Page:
Defective Products & Services, Testing & Quality Assurance Violations

What are Defective Products or Services and What are Testing & Quality Assurance Violations?

A contractor can defraud the Government by supplying products or services that it knows are defective or otherwise falls short of significant contract specifications, for example, by providing parts that are inferior to those specified in a contract, or hiring personnel who do not have the required qualifications, or fails to complete required testing or fulfill other quality assurance measures.

Government contracts generally provide detailed specifications on the products to be provided or the tasks to be performed. Government contracts may also require that work be performed only by persons with specified qualifications. Contractors sometimes cheat the Government by knowingly supplying products that are defective or do not otherwise meet the specifications of the contract.

For example, contractors sometimes use unapproved or inferior parts in manufacturing the product. Contractors may also cut corners by failing to complete required testing or other quality assurance measures, and falsifying test results. Contractors can also cheat the Government by employing personnel who are not qualified under the terms of the contract to perform the tasks they are doing, or by knowingly using subcontractors who engage in any of the schemes described here. These “shortcuts” can compromise the integrity of the products or services provided and can put lives at risk. Such misconduct may often be the basis for a qui tam False Claims Act lawsuit.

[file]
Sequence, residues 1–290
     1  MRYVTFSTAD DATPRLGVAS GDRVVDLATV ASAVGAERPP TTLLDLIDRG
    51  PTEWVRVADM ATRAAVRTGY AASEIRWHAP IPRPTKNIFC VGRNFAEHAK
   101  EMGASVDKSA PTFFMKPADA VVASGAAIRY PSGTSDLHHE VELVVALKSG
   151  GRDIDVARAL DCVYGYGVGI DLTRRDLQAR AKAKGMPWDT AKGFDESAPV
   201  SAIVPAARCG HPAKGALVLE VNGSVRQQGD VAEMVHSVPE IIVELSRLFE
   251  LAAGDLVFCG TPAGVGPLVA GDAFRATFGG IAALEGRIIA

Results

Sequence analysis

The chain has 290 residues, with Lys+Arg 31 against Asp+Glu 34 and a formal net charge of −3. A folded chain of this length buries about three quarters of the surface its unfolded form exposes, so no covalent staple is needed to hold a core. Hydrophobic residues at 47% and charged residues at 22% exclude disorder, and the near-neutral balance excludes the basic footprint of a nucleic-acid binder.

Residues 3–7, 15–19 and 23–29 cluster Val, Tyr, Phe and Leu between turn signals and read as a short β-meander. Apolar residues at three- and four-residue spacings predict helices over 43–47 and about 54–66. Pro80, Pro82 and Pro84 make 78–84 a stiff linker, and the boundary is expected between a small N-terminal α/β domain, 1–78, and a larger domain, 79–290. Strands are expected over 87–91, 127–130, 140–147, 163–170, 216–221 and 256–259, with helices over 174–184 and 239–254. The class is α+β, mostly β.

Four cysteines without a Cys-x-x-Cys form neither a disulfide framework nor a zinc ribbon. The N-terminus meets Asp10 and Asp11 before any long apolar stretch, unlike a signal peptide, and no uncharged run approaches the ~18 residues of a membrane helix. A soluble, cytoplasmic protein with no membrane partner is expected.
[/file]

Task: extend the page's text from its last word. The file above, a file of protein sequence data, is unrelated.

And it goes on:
VSG Qui Tam Lawyers Are Experienced in Handling Defective Goods & Services Cases

VSG qui tam lawyers have successfully litigated numerous False Claims Act whistleblower cases where contractors were alleged to have supplied defective products, falsified test results, ignored quality assurance requirements, and/or used unqualified personnel to perform contract work.

For example, VSG partner Janet Goldstein represented two whistleblowers in a False Claims Act qui tam lawsuit against Teledyne Relays, alleging that Teledyne provided substandard electronic relay switches for use in the space shuttle, military satellites, and other critical weapons systems, and that it falsified test results. Teledyne paid the United States $88 million in civil damages and $17 million in criminal fines to settle the matter.

ArmorGroup North America and its affiliates paid $7.5 million to settle a False Claims Act qui tam lawsuit brought by a VS&G client who alleged misrepresentations about the qualifications of security guards who were guarding the U.S. Embassy in Kabul, Afghanistan.

VSG partner Rob Vogel represented a whistleblower in a False Claims Act qui tam lawsuit against M/A-Com, a defense contractor, alleging that M/A-Com was falsifying testing documents for a product that was being used on military aircraft. M/A-Com settled the matter for $3 million.

While working as a trial attorney for the Department of Justice, Civil Commercial Frauds Section, Mr. Vogel was the lead lawyer in a qui tam case that alleged that Textron Lycoming was manufacturing defective engines that were being used on U.S. Coast Guard helicopters. After Mr. Vogel prevailed in litigation before the U.S. Court of Appeals for the D.C. Circuit on an important issue concerning the legal interpretation of the False Claims Act, see Avco Corp. v. United States Department of Justice, 884 F.2d 621 (D.C. Cir. 1989), the defendant settled the case with a payment of more than $17 million.